Visualized data aids in building, updating predictive models

TTlogo 379x201 Visualized data aids in building, updating predictive models

Recently, Capital One data scientist Brendan Herger worked on a predictive analytics project aimed at identifying potentially problematic bill totals when diners using a Capital One credit card add a tip to their tabs after the initial swipe of their card.

The goal, he said, is to help cardholders avoid accidentally leaving inappropriately large tips. The analytics application triggers a text message or email to a Capital One customer if it spots a likely discrepancy, for example, a math error that the restaurant didn’t catch. The cardholder can then dispute the charge with either the restaurant or Capital One itself.

To develop the required analytical functionality, Herger and his colleagues at the banking and service company, based in McLean, Va., had to “train” the predictive model on historical data to define what inappropriate tips look like so they can be flagged during incoming transactions. On this type of analytics project, visualized data helps the data scientists monitor the model training process and make sure the conclusions generated by a model fit real-world scenarios. Herger said that if a data visualization shows a big spike in the analytics data at a given point compared to what came before or after, he knows something may be off in the model’s algorithms, requiring additional development work to set it right.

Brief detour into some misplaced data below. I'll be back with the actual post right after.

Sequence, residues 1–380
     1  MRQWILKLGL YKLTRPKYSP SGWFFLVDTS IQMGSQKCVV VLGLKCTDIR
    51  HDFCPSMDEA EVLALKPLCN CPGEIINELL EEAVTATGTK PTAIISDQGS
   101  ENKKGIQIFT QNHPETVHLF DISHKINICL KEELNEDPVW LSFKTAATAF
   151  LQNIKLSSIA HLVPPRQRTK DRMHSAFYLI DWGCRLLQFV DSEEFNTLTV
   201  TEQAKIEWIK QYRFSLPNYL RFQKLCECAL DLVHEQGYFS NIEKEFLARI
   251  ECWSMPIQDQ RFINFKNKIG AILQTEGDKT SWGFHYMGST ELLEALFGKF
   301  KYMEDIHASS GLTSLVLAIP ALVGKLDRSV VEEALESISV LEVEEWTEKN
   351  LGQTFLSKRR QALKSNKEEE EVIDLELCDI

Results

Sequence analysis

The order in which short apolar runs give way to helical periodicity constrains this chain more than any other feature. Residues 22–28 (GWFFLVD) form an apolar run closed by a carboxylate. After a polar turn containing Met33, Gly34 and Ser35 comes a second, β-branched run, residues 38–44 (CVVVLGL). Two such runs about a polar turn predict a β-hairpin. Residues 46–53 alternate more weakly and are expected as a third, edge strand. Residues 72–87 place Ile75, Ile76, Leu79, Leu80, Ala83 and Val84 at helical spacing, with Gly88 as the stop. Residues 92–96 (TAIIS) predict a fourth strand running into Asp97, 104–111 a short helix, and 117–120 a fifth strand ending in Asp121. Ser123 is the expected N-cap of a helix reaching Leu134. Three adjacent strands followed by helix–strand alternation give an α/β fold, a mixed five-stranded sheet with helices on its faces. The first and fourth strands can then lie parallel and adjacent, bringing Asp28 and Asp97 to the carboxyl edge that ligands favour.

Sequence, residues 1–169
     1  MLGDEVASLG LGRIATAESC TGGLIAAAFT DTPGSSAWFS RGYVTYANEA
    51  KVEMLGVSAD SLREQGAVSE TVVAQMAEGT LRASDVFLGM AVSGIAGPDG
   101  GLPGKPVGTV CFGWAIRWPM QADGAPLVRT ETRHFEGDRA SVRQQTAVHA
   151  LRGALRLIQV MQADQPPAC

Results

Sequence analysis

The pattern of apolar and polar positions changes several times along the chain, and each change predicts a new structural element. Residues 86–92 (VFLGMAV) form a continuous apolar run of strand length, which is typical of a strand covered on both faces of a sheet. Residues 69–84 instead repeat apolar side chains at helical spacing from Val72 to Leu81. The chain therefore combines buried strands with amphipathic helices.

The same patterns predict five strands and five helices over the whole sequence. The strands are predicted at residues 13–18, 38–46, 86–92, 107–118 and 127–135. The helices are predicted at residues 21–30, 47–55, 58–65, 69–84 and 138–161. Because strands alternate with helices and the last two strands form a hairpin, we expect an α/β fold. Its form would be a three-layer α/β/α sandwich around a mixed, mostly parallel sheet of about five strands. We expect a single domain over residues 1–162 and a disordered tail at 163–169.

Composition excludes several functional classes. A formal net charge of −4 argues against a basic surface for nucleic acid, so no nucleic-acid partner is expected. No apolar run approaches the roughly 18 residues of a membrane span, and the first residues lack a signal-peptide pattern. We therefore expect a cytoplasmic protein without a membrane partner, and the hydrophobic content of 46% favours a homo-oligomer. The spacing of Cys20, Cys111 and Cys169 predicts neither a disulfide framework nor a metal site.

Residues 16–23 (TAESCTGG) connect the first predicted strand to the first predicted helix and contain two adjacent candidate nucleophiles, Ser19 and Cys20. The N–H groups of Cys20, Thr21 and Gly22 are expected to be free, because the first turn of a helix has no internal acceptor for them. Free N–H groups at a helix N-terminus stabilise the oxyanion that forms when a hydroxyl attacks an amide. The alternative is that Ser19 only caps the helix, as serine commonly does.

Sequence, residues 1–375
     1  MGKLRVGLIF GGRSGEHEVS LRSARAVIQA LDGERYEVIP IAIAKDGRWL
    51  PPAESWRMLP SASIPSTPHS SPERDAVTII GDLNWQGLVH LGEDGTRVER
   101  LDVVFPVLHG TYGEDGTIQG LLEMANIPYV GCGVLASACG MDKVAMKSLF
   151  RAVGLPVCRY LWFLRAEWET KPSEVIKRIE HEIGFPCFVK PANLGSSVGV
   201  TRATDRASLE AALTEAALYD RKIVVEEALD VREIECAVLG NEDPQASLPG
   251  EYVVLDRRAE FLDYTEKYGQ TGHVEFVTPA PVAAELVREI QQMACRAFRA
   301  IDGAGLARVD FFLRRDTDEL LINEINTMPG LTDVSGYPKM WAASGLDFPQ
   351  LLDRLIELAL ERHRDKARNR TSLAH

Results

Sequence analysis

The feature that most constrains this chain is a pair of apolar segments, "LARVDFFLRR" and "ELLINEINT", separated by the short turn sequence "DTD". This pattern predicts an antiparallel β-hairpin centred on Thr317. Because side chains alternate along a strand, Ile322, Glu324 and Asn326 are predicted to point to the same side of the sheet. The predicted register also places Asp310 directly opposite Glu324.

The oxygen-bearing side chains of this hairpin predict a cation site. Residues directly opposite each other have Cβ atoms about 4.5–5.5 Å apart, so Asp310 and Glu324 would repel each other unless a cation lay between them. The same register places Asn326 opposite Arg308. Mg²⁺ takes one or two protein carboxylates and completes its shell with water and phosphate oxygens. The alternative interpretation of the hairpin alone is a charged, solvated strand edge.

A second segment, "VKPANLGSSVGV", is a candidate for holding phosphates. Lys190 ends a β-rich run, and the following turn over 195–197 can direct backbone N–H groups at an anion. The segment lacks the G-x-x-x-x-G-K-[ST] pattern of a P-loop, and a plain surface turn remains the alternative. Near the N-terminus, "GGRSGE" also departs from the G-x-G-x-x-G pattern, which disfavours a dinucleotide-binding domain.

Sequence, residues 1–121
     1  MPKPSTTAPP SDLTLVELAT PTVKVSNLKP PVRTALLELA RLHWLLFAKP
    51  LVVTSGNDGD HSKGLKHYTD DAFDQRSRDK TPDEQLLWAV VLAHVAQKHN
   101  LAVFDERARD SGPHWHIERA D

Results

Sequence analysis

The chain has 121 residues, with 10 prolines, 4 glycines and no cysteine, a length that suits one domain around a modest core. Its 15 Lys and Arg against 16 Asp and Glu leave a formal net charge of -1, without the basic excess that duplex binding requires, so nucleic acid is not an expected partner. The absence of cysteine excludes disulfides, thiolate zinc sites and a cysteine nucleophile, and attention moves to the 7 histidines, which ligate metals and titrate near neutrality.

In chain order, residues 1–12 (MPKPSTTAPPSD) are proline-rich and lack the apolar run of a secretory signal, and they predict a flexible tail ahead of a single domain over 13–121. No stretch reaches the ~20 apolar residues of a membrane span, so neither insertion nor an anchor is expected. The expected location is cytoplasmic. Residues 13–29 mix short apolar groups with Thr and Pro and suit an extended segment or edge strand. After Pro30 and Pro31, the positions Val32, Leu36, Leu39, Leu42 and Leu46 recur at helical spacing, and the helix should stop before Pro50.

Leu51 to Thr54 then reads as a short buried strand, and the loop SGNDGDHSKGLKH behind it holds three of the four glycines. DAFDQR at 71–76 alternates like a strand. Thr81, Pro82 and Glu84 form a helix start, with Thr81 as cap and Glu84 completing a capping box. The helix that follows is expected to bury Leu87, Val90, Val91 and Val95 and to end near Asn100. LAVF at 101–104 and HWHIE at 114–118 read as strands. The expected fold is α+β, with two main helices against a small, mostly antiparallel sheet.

For analytics teams that aren’t asleep at the wheel, predictive model development is never really done. Once models are put into production, they need to be continually verified and adjusted as needed to ensure that they deliver accurate predictions over time. And there’s an important role data visualization tools and techniques can play in those efforts.

Boris Savkovic, lead data scientist at analytics services provider BuildingIQ in San Mateo, Calif., said he and his team continually plot out data from buildings owned by clients to compare model-based expectations of energy use to actual historical data. The visualized data helps analysts identify outliers in the information, such as spikes in a building’s power consumption caused by extreme weather events.

Once outliers are identified, they can be taken into account by the predictive modelers rather than just treating them as valid data points in training algorithms, a misstep that could reduce analytics accuracy over time. “Visualizing model predictions versus actual data helps nail down where events happen,” Savkovic said.

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